China has blocked an important transportation hub in the south, as the country grapples with its biggest nationwide covid outbreak since April.
The lockdown also follows a rise in cases in Beijing, which reported the country’s first Covid deaths in nearly six months.
In recent days, China had just begun to ease its harsh Covid restrictions, which had paralyzed local and international businesses for months. But experts worry that Beijing’s resolve to reopen the country may weaken now that cases are rising once again. Asian markets and oil prices fell on Monday as investors worried about the prospect of China tightening Covid rules again.
Guangzhou, one of China’s largest cities with nearly 19 million people, imposed a five-day lockdown in Baiyun district, which is home to one of the country’s busiest airports.
Baiyun is also the most populous district in Guangzhou, home to 3.7 million people.
Schools will be closed, public transportation services will be suspended and residents are advised to stay at home, according to a statement posted by the Baiyun district government on WeChat on Monday.
Shutdown comes as Guangzhou struggles to contain the worst Covid outbreak in three years. Guangzhou reported 8,181 cases on Sunday, bringing its total number of infections to more than 80,000 since Oct. 22.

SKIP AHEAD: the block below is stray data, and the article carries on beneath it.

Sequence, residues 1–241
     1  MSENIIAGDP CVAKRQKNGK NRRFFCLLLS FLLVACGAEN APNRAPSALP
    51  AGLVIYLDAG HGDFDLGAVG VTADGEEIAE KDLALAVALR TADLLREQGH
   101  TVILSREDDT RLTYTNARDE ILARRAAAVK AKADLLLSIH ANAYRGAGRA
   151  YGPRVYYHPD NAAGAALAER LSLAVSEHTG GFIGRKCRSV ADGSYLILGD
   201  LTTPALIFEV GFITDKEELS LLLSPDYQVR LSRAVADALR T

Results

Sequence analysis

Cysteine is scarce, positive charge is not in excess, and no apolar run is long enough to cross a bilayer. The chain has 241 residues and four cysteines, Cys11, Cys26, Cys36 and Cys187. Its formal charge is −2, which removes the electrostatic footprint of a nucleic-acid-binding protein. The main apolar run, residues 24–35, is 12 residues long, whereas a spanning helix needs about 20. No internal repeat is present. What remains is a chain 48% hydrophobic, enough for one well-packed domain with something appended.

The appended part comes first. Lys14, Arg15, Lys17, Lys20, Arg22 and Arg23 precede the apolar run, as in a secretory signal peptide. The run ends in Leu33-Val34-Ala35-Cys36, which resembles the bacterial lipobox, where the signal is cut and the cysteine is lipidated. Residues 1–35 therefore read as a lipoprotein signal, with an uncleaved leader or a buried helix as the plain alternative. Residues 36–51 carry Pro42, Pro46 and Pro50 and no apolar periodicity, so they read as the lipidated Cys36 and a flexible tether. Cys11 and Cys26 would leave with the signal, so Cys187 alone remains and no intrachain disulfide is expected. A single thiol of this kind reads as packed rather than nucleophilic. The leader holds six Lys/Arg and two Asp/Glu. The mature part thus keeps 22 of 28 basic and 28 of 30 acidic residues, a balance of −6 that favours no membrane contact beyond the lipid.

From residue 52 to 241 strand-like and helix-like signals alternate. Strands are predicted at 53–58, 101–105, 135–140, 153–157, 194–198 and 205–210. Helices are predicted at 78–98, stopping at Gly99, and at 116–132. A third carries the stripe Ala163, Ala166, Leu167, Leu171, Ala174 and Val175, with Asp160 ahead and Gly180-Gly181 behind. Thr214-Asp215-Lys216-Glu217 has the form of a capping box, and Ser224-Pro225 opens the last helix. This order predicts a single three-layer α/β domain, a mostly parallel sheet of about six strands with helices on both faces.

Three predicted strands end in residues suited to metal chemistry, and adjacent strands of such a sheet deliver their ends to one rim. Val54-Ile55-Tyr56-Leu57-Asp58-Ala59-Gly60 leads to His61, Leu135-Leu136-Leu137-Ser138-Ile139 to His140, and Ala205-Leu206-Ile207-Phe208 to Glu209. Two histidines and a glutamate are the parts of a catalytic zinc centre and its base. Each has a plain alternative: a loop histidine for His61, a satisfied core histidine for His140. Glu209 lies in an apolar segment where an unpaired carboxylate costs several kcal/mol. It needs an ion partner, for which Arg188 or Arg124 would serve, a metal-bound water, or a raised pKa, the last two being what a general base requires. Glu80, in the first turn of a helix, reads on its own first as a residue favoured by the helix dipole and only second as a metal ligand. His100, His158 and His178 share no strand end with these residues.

There are growing fears that cities will once again come to a standstill in the world’s second-biggest economy. From Guangzhou in the south to Zhengzhou in the central region, rising cases have forced local governments to intensify lockdowns in recent days. China reported 26,824 new cases nationwide on Sunday.
Beijing, the country’s capital, recorded three covid deaths over the weekend. His Haidian district has canceled face-to-face classes, according to a statement from the district government on Sunday.
Shijiazhuang, the largest city in the northern province of Hebei, also reimposed a five-day lockdown starting Monday, just days after it significantly relaxed Covid rules.
The latest outbreaks could complicate things for China to relax from its almost three-year “zero-Covid” policy.
On November 11, the central government eased some of its strict Covid restrictions. The move raised hopes that China was moving away from its draconian zero-tolerance approach, which has crippled its economy and largely isolated the country from the rest of the world in recent years.
Markets rallied after the policy change, with Hong Kong’s Hang Seng Index rising a combined 14% over three sessions and entering a technical bull market last Tuesday.
But the new lockdowns affected market confidence on Monday. The Hang Seng Index (HSI) fell as much as 3.4% in the morning. It closed with a fall of 1.9%. The Shanghai Composite Index of mainland China lost 0.4%.
Oil prices also fell, with US crude futures falling 0.4% in Asian trading hours on Monday. Brent crude, the world benchmark for oil, fell 0.6%.
“The main driver of the rapid downward momentum is growing concern that China will not relax Covid lockdown policies because infections are rising again,” said Stephen Innes, managing partner at SPI Asset Management.
Goldman Sachs analysts said on Monday that the latest news on China’s handling of Covid has been “confusing” for investors.
“Our main message is that the first stage of reopening can be complicated and bumpy, while the rebound after the initial hurdle could be very strong,” they added, expecting China’s GDP growth to accelerate from 3% in 2022 to 4.5% in 2023.
CNN’s Beijing bureau contributed to the report.